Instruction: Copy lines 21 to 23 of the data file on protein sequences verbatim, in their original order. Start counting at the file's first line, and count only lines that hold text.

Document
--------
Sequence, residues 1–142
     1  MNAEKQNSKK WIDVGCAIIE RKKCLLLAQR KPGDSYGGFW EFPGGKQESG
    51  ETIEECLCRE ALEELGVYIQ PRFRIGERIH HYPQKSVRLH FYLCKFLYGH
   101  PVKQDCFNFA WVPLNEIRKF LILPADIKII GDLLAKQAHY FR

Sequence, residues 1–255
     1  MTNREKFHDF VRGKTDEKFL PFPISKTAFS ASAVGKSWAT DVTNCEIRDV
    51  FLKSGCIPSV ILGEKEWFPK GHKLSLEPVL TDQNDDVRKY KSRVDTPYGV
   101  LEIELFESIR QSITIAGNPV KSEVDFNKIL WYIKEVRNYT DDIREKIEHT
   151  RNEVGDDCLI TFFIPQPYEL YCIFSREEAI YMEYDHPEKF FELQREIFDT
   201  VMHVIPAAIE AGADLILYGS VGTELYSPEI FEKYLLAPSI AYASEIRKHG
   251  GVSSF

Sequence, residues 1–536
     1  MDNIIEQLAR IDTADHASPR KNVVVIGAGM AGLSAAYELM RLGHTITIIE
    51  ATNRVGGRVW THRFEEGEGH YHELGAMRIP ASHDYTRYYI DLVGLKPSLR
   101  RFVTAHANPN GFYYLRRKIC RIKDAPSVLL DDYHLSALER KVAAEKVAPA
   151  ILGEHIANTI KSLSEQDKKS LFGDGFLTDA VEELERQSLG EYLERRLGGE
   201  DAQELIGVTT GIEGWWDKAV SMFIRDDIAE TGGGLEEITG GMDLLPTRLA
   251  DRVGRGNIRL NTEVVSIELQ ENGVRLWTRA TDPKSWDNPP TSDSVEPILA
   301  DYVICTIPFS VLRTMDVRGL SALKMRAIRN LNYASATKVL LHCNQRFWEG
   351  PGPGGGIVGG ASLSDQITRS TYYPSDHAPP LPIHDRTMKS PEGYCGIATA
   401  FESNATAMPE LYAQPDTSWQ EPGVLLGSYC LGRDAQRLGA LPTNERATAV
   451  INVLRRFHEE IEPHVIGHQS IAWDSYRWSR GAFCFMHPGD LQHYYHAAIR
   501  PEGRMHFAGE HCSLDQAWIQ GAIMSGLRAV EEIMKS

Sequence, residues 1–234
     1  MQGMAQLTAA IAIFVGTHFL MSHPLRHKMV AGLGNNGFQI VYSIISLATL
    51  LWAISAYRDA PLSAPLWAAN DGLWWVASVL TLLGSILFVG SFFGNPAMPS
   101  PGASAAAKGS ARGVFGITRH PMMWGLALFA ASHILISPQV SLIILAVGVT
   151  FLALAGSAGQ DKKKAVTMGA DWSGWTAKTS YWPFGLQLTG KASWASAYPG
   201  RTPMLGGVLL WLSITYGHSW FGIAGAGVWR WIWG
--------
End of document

   401  FESNATAMPE LYAQPDTSWQ EPGVLLGSYC LGRDAQRLGA LPTNERATAV
   451  INVLRRFHEE IEPHVIGHQS IAWDSYRWSR GAFCFMHPGD LQHYYHAAIR
   501  PEGRMHFAGE HCSLDQAWIQ GAIMSGLRAV EEIMKS